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Bookworms meet authors

After sauntering through the vibrant Kala Ghoda festival stretch on Tuesday, a bunch of people headed towards the David Sassoon Library garden to acquaint themselves with their favourite authors and some debutantes, reports Purva Mehra.

mumbai Updated: Feb 10, 2010 01:10 IST
Purva Mehra

After sauntering through the vibrant Kala Ghoda festival stretch on Tuesday, a bunch of people headed towards the David Sassoon Library garden to acquaint themselves with their favourite authors and some debutantes.

The event, Fresh Off the Shelf, featured writers Dilip D’Souza, Deepanjana Pal, Amrita Choudhury and Mathew Menacherry, each of who released a new book earlier this year.

An avid blogger, D’Souza talked about Road Runner: An Indian Quest in America, a book that unlike his previous ones on the Narmada required him to rely on the journeys in his mind instead of reams of data. When asked why he retraced his journey through America (he studied there), he said it was to challenge the tradition of Frenchmen writing on the country.

“But even though my thinking started getting coloured by the American experience, I was obsessed with the idea of nationalism and patriotism,” he said.

Deepanjana Pal, an art critic with a popular fortnightly magazine, spoke about the processes of researching the life of artist Raja Ravi Varma for her book, The Painter: A Life of Ravi Varma. “He’s been dead 104 years so there were no primary resources for the book. I asked friends in Ivy League schools to raid their archives and met with as many people known to him,” said Pal.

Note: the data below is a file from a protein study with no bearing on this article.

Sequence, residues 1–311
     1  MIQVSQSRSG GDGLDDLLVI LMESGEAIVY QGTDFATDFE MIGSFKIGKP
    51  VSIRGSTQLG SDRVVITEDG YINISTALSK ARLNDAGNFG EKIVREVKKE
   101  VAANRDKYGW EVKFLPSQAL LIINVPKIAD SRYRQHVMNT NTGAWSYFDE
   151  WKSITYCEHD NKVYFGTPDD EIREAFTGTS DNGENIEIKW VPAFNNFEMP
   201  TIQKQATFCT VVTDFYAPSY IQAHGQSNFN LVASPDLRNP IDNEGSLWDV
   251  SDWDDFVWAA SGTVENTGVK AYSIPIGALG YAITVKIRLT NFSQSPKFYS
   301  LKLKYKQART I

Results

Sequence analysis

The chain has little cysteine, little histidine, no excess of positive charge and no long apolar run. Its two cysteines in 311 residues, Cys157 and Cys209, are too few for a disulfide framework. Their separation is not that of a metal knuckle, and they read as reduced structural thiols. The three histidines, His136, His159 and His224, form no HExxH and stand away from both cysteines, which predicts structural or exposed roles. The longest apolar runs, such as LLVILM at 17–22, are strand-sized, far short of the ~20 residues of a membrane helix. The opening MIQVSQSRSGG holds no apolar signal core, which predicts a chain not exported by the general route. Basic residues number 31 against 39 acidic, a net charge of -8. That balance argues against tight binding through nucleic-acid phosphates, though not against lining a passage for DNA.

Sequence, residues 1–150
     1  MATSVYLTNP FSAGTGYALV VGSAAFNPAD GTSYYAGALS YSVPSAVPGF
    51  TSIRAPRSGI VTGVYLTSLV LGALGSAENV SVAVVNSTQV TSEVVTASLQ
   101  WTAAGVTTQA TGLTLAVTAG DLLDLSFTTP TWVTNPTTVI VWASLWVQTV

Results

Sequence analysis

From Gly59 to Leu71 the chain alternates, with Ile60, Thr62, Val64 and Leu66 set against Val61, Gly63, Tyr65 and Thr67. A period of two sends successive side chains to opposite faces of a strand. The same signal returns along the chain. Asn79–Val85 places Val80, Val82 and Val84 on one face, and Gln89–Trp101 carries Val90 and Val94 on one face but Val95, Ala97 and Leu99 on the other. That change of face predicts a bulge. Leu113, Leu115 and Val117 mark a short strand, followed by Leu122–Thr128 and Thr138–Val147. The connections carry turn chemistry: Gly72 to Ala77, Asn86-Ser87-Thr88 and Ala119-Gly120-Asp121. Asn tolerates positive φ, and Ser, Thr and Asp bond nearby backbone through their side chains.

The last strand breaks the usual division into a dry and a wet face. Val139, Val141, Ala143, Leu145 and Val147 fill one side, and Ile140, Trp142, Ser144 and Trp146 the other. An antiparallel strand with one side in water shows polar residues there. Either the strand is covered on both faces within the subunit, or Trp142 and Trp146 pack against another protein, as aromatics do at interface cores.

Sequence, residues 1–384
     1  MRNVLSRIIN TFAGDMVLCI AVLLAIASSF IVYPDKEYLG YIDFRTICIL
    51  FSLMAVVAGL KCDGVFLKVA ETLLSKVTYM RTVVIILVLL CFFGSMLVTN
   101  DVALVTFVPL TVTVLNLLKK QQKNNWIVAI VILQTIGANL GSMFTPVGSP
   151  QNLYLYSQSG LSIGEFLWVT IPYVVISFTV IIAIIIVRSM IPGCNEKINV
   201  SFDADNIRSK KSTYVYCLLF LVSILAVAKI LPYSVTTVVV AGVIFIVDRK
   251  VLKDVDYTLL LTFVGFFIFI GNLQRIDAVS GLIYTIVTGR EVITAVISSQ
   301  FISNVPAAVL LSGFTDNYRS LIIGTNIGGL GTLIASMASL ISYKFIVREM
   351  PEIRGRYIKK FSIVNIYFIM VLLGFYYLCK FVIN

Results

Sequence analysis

Pal was intrigued by Varma because to her he was “the first modern artist that India produced. Art has the potential to be esoteric but I wanted the story to come alive as though the readers really knew him because that’s how I felt after all my research,” she said.

Kaveri Lalchand, co-founder of the Chennai-based Blaft publishing house, announced the launch of The Anthology of Tamil Pulp Fiction Part 2.

This anthology like the first would have translations of popular Tamil pulp, found at Wheelers and tea stalls. “These books enjoy one to two lakh print runs. Pulp fiction author Rajesh Kumar has 1400 novels to his credit and releases about five a month. We’re also working on translating the novels of Hindi pulp fiction giant Surendra Mohan Pathak,” said Rakesh Khanna, editor at Blaft.